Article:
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Growth spurt

Willow Creek Woodworks of Idaho Falls, Idaho, has been gracing homes in the West with custom cabinetry and millwork for the last 15 years. Since Day One, owner Jaxon Ching has served clients well and marketed effectively, helping his company grow from a two-man operation to about 20 employees.

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Playing the roles of outside salesman and project manager, Ching’s dedication has been critical to the company’s success.

“I think we stayed in business all of these years because of the quality of work we produce. When we leave a job, we want to make sure it’s 100 percent perfect. I think everyone knows us because everything is about quality. Even if we’re losing money, that’s important in business. That’s how you’re going to grow,” says Ching.

Product offerings include a vast range of functional and decorative cabinetry, doors and other architectural woodwork. Talented and imaginative in-house designers and craftsmen incorporate unique flairs into each cabinet, whether they are contemporary, traditional or Western in style. State-of-the-art machinery also helps with the mass-production requirements, including millwork and staircase applications.

Eager to learn

Jaxon Ching Owner of: Willow Creek Woodworks Location: Idaho Falls, Idaho Shop size: 15,000 sq. ft. Employees: 20 Specializes in: Kitchen and bath cabinets, passage doors, architectural woodwork and custom projects.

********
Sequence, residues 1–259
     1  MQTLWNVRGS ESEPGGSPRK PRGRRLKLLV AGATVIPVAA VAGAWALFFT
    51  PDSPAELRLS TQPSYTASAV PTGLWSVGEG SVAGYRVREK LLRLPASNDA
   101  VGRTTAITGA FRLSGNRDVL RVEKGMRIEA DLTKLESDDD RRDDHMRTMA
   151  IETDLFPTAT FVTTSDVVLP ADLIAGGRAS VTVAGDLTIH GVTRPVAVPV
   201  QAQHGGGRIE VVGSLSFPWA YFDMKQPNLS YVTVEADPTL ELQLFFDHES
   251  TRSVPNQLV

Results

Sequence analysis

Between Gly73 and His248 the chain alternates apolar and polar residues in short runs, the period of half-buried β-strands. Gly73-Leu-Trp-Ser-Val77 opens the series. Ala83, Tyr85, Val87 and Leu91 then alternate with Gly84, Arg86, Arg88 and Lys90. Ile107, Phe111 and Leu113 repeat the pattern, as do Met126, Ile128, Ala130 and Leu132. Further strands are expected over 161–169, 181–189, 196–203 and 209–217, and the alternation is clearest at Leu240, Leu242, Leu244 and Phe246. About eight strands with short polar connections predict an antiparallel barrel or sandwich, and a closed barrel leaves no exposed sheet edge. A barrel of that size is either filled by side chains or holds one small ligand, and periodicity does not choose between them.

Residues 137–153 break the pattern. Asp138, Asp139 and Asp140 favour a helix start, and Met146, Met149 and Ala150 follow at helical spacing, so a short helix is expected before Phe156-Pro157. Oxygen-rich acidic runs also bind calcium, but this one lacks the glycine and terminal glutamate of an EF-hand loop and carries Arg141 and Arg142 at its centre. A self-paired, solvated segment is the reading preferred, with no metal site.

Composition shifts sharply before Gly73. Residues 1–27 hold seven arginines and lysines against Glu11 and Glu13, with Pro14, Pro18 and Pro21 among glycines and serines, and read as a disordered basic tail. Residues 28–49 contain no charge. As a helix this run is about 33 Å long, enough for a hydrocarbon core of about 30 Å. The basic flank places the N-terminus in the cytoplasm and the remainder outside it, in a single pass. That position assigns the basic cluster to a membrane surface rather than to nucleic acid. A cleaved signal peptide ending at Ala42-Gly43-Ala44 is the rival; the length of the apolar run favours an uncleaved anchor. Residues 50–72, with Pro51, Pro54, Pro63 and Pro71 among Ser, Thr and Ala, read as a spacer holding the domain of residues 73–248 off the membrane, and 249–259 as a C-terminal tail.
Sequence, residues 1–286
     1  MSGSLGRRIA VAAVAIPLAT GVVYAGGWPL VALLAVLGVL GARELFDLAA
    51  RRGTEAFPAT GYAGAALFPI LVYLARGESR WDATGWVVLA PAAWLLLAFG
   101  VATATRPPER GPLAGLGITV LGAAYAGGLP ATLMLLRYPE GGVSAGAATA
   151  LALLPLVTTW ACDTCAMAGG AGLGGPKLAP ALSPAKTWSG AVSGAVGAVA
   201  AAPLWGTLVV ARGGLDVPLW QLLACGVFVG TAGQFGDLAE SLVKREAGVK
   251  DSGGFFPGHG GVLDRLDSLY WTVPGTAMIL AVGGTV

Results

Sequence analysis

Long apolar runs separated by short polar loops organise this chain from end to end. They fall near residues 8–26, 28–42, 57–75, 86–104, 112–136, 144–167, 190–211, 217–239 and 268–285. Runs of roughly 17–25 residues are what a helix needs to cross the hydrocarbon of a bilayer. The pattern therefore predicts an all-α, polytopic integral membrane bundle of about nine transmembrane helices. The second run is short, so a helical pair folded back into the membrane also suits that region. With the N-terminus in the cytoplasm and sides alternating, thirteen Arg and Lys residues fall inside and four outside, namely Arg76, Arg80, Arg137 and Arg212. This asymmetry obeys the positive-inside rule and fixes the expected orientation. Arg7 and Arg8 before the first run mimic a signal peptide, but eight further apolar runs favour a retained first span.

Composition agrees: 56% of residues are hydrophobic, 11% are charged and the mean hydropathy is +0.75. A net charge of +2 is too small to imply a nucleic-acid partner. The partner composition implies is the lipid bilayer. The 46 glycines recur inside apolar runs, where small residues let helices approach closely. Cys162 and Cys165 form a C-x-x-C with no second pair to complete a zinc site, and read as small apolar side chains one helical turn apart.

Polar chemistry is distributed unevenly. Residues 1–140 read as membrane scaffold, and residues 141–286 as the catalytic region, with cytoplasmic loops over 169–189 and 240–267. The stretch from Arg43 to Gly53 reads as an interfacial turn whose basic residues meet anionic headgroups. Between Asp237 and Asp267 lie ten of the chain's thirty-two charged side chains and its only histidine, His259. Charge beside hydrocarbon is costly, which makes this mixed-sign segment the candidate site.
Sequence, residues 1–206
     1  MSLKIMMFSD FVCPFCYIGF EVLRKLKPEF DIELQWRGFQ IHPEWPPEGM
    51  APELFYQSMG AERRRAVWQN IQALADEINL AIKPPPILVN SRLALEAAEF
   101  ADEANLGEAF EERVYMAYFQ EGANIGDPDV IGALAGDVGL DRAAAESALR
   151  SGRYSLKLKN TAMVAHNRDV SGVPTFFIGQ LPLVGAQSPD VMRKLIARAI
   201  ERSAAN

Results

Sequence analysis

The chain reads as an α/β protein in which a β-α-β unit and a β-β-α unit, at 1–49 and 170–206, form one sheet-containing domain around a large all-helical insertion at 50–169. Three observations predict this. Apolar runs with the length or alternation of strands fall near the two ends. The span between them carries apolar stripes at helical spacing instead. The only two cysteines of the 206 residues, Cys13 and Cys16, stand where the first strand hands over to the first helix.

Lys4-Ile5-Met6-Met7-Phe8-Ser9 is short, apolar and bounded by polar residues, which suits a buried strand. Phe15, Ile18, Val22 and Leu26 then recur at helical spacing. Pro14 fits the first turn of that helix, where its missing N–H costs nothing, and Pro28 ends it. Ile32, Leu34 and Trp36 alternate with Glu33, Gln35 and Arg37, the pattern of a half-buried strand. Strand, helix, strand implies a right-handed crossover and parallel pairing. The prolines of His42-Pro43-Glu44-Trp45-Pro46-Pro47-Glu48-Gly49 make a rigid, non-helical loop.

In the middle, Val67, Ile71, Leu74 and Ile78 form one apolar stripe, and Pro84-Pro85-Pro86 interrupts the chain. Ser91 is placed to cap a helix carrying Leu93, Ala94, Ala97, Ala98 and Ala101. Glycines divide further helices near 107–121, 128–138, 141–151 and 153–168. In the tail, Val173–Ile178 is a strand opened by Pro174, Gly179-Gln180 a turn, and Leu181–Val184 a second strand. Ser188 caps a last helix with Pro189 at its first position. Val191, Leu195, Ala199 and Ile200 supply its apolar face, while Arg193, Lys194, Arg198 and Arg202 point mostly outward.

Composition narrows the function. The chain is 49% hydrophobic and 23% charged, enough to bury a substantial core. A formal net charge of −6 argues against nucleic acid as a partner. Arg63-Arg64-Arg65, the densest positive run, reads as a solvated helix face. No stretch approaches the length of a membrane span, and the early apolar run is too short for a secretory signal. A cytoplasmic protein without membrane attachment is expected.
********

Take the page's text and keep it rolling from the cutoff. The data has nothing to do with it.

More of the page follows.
Ching started building cabinets in Napa Valley, Calif., after he got out of the Navy in 1989.

“I had been on the base for three months where I did nothing but install stainless cabinets and beds. After I left there, I went to work for a cabinet shop in Napa Valley where I learned on the job. I did a lot of sidework at home and really started to like woodworking.”

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By the early 1990s, he was married with his first child and yearned to live in a more relaxed location so he moved to Idaho Falls. There he secured a job at Falls Cabinet and Millwork, where he started running jobs after a couple of years.

“I was doing whole projects on my own. Building them, going out of town to install them or talk to contractors and customers, meeting with architects. It got to the point where I knew I should just be doing it on my own.”

Ching’s former business partner, Doug Harmer, who had also been at Falls Cabinet and Millwork for several years, had a similar goal.

“[Doug and I] got together and started talking about the business. We became a partnership and got financing so we could rent a shop in downtown Idaho Falls.”

In January 1997, the pair hung a shingle on their new 4,000-sq.-ft. shop reading Willow Creek Woodworks. The two started with a little advertising and a few phone calls and flyers, but mainly relied on Harmer’s contacts in Jackson.

“We talked to contractors we already knew and asked for them to give us a chance and help get our name out. Little by little, we started developing a relationship with some of the contractors there. We had up to 10 employees within about three years in a little shop. It was crazy, so we bought our current shop.”

Several years later, Ching bought out Harmer and became sole owner.

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Geared for residential